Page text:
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‘Iron Man 3’ Director On Downey Jr., CGI

11 Jul, 2013 By: Chris Tribbey

LOS ANGELES — Iron Man 3 director and screenwriter Shane Black may be best known for his writing, from Lethal Weapon to Last Action Hero to Kiss Kiss Bang Bang.

So it may come as a surprise that he doesn’t feel all that confident with his writing.

“I just felt like writing [alone] didn’t satisfy. You write it, off it went, and who knew if it was going to get made or not,” Black said, speaking recently during the Los Angeles Film Festival. “After every script, I say ‘That’s it, I’ll never write a funny line again.’ I never had confidence. I still don’t.”

Walt Disney Studios Home Entertainment will make Iron Man 3 available via HD digital in both 3D ($25) and 2D ($19.50) starting Sept. 3. Three weeks later, Sept. 24 (order date Aug. 13), sees the film released as a 3D super set ($49.99) that includes the film on 3D Blu-ray, 2D Blu-ray and DVD, and includes a digital copy and music sampler. Disney will also release the film as a 2D Blu-ray combo pack with DVD and digital copy at $44.99; a Blu-ray/DVD combo with no digital copy for $39.99; a DVD with digital copy for $29.99; and on demand.

Iron Man 3 is also just Black’s second film in the director’s chair, after 2005’s Kiss Kiss Bang Bang, which also starred Robert Downey Jr.

“There was a degree of trust between us because we had worked together previously,” Black said. “Some of the best lines in the movie were probably written an hour before they were shot.”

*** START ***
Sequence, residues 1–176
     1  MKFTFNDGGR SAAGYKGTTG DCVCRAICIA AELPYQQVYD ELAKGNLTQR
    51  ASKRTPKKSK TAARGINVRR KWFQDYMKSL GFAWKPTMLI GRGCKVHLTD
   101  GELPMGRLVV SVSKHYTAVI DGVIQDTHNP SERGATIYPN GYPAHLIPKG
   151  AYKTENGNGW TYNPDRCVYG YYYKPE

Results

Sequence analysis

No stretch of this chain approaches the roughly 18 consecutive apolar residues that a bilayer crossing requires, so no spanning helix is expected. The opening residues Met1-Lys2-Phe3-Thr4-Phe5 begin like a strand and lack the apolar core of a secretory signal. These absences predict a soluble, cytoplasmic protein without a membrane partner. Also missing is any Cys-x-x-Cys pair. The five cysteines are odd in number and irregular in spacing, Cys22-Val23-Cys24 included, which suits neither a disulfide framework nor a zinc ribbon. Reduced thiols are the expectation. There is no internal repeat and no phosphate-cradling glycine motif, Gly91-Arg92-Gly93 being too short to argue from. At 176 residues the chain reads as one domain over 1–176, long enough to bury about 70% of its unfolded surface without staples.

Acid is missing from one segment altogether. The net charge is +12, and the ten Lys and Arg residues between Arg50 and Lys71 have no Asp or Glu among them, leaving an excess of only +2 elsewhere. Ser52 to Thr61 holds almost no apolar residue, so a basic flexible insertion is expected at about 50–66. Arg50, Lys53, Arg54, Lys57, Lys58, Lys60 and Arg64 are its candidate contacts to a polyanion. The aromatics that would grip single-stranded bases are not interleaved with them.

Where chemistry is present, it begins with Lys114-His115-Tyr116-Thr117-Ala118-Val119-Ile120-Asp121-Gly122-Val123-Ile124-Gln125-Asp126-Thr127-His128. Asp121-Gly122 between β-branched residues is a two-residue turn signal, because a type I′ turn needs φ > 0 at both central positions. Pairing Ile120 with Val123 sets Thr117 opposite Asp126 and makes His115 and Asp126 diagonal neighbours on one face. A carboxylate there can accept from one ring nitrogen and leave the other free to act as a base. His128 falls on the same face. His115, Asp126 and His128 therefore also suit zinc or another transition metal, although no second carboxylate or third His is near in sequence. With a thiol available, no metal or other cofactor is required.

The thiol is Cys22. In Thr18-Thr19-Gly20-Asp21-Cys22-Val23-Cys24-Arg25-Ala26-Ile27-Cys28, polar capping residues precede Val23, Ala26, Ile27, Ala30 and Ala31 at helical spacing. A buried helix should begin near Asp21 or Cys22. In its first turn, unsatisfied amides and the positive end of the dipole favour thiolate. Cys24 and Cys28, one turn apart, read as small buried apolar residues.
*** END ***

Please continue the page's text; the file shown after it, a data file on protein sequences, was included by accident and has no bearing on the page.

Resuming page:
Black also addressed Iron Man 3’s (supposed) villain, CGI and how Marvel films fit in the nation’s current superhero zeitgeist.

“Marvel is about taking the piss out of things,” Black said. “I think Avengers works better as a comedy. A well-aimed punch in the face, when the character has made a decision and put themselves in that situation, has so much impact.”

Iron Man 3’s villain, The Mandarin, first started appearing in Marvel comics in the mid-1960s, and Black needed to take a different tact with him for the film, despite the outcry from hardcore “Iron Man” fans.

“It just felt right,” he said. “The fans are the fans. He’s not the best villain in the world, just the one who’s around.”

Regarding CGI, Black noted that it’s a necessity for superhero flicks, but the less it can be used, the better.

“If it pushes the character and plot forward, that’s all that’s important,” Black said. “The CGI has to feel visceral. Even in front of a green screen, we did as much with the actors as possible.”

When Disney releases Iron Man 3 on disc, bonuses will include a featurette deconstructing the attack on Air Force One, a preview of Thor: The Dark World, a “Marvel’s Iron Man 3 Unmasked” featurette, a commentary with co-writer Drew Pearce and Black, deleted scenes and more.

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